Technical point:

Strictly speaking, many ‘haiku’ in English are not haiku in the traditional Japanese sense. A haiku is about nature and the natural world, not people and the human world. Another type of 5-7-5 syllable poem, the senryu, is an often satirical poem about humans and the human world. But most senryu poets who tweet their poems use the hashtag #haiku for their senryu. Because in English haiku tends to mean both.

Bad news for serious poets

If you are a serious poet seeking publication in literary magazines, you probably already know that most of them don’t accept previously published poems. What you may not know is that nearly all consider posting your poem online as a form of publication. But then, there are not a lot of 2nd Amendment poems getting accepted into literary magazines, so you may as well tweet them.

Non-haiku 2nd Amendment poems

You can also tweet short free verse poems or rhyming poems. Or use other poetic forms such as the tanka, lune, Collom lune…. And if you tend toward writing longer poems, blog the poem and tweet the link. It doesn’t matter. #2Apoems forever! Join the revolution!

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#PoetryPantry 217: Cry of Cicadas


For Poetry Pantry #217 at Poets United

Cry of Cicadas

cry of cicadas

cover the sounds of the knife

slayer in night fog


9/6/2014 – haiku

5-7-5, autumn season words (cicada, night fog)


OK, maybe I shouldn’t write haiku while I’m watching true crime shows on television. Normally I’m not rigid about the 5-7-5 syllable pattern when I write haiku, since the best haiku in English don’t always do so. I’m also not rigid about including a season word— since some of the early Japanese haiku I’m studying (in English translation) are not so rigid about that.

But in this poem I decided to go more traditional. I do that some times.

This is my method for writing haiku (and sijo) lately. I copy a haiku from a book into my notebook as a model. The book I’m using right now is ‘The Classic Tradition of Haiku’ edited by Faubion Bowers, which is very good since it gives the classic haiku in transliterated Japanese as well as in an English translation. For some of the haiku it gives two different English translations.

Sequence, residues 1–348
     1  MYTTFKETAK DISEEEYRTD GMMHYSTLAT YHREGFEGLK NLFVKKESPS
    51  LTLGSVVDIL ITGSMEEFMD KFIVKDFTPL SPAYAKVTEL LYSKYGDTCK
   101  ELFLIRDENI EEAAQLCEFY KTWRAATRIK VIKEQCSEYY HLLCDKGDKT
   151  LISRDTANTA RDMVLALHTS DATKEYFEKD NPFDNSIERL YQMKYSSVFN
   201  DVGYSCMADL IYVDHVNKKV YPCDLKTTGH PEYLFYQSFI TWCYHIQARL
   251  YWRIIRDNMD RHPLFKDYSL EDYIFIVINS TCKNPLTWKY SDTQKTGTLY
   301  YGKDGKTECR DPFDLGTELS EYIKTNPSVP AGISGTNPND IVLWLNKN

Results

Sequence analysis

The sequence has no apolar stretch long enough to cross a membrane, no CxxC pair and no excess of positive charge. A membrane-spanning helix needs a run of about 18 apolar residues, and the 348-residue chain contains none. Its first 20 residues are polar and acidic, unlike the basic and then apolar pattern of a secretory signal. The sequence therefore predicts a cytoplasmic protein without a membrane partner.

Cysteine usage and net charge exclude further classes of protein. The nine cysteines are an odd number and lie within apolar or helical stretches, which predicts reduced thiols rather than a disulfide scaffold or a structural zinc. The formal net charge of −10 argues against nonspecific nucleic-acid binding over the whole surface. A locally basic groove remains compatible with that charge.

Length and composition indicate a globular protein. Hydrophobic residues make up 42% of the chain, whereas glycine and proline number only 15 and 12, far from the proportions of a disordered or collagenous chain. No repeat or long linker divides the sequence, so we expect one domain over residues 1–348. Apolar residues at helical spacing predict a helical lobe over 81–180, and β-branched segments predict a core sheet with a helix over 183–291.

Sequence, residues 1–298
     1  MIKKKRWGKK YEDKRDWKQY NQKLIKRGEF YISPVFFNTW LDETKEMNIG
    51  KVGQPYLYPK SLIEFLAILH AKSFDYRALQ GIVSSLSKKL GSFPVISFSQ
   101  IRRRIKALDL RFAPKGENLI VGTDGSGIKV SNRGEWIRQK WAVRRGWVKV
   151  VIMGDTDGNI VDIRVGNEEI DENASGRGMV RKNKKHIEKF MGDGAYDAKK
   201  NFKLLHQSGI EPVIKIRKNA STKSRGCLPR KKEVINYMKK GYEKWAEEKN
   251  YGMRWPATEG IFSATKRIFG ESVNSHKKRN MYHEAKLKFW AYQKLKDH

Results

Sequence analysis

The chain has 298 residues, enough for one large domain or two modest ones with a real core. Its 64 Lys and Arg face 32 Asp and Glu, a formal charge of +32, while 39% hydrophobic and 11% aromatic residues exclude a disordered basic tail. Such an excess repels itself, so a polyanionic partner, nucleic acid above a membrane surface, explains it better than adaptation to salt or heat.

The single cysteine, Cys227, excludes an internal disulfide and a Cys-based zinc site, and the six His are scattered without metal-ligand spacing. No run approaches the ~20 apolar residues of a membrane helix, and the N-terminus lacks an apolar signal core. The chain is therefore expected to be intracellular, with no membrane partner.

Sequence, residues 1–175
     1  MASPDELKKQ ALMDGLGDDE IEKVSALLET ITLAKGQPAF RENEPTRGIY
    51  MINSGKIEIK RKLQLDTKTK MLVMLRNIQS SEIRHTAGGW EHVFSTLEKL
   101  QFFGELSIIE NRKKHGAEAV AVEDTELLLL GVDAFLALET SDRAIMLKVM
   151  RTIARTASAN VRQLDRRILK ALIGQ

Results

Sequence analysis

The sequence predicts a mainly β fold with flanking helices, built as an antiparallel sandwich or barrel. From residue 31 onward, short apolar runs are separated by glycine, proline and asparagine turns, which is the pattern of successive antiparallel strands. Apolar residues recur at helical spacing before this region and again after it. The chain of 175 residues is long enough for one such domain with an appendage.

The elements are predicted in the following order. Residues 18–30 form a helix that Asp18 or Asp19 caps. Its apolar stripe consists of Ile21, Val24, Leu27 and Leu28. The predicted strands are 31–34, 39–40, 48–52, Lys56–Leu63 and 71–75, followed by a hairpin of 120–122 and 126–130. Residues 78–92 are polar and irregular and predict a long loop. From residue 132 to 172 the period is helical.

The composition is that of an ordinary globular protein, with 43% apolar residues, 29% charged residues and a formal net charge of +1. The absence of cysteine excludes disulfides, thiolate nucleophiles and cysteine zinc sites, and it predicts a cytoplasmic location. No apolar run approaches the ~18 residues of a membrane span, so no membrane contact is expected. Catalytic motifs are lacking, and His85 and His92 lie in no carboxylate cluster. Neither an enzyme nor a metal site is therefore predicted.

In some cases writing the classic haiku just serves as a warm-up. In other cases, it’s an influence. Here is the Japanese haiku that served as a model for this poem:

yet even in the sun’s own land

anyone who lives will suffer

Iio Sogi, 1421-1502


I think I detect some slight influence in the mood, but actually the greater influence in this haiku was the list of season-words for autumn in ‘The Haiku Handbook’ by William J. Higginson— which is the best book I’ve found so far on haiku, I’d urge any poet to add the book to their personal library. Not to mention the English teachers and the homeschooling moms.

Poets United is a great way to meet other poets from around the world.

Poets United is a great way to meet other poets from around the world.

My poetry books

I have been working on organizing my poems into a master Scrivener (writing software) file, and also have started a Scrivener project for my next poetry book, ‘Waiting For The Poison Shot’.

I’m also doing a revised edition of my first poetry book, ‘Where The Opium Cactus Grows’. I am revising some poems, and restoring others to an earlier form. I’m adding some bonus material such as my short story ‘The Dust Mouse’. There will also be a preview of ‘Waiting For The Poison Shot’ that will include at least 10 of the poems set aside for that work.


I have a Facebook author page, Nissa Annakindt, poet, Aspie & cat person. If you have a FB author page or poetry page, perhaps you could stop by my page and let me know about yours, so I can like yours?


I have visited 22 other Poetry Pantry blogs so far this Sunday (10:36 am). I dare ya to go to  Poetry Pantry #217 at Poets United and beat that record.